RSPB warden confirms four calling male corncrakes in the Church Bay area, two established birds (believed to have found mates) plus two new arrivals - Rathlin is the only place in Northern Ireland home to this red-listed species
Four calling male corncrakes have been recorded on Rathlin Island for first time since the late ‘70s / early ‘80s.
The corncrake is a secretive bird known for its distinctive ‘crex-crex’ call. It is one of Northern Ireland’s rarest birds - a red-listed species (a bird of high conservation concern) - and their numbers have been in sharp decline since the 1980s. Rathlin is the only place in Northern Ireland home to this species and has been a focus for RSPB NI to create the right habitat for a corncrake comeback.
For the last six years, at least one calling male has been heard. This year, two males arrived in late April (24 and 29) and are established on the island, with their behaviour indicating they have attracted mates. Two new males were recorded yesterday (Wednesday), so if these new arrivals remain and attract a mate it will be a real conservation coup.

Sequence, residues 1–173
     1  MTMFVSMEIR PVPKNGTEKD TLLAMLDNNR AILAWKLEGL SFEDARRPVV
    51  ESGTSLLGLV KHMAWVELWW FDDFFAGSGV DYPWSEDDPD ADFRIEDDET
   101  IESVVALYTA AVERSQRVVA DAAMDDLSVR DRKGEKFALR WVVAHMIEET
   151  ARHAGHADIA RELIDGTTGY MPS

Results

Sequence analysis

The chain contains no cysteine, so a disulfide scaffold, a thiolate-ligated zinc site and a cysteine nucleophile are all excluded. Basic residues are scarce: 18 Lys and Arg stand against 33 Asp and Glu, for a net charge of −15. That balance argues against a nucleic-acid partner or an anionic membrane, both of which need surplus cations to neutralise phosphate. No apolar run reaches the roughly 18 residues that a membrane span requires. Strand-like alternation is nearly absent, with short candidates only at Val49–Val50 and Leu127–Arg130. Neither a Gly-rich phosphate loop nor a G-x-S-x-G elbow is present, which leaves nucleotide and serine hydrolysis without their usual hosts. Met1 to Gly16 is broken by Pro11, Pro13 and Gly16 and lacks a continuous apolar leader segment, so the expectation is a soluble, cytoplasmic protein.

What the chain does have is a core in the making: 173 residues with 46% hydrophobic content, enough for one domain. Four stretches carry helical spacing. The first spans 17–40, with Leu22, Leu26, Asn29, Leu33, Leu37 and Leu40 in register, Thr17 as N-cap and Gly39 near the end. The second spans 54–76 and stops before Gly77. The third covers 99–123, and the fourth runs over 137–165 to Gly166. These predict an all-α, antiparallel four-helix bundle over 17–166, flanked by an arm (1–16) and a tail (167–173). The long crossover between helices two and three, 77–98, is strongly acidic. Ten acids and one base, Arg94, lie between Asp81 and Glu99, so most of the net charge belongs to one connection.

RSPB Rathlin Island warden Liam McFaul said: “I was very happy that we had two calling males, so to hear four yesterday was quite something. There’s no doubt that there were four birds in four different locations. It would be nice if all four got mates and stayed on the island, but there’s always a chance that one or two might leave again and settle elsewhere.”
Liam will continue to monitor the birds, which are all within a half-mile radius of each other. At least three of the birds have been heard in nettle beds created over the last decade by RSPB NI staff and volunteers to attract corncrakes to the field margins of Church Bay. The hope is to achieve a sustainable population of corncrakes, with four or five pairs regularly breeding.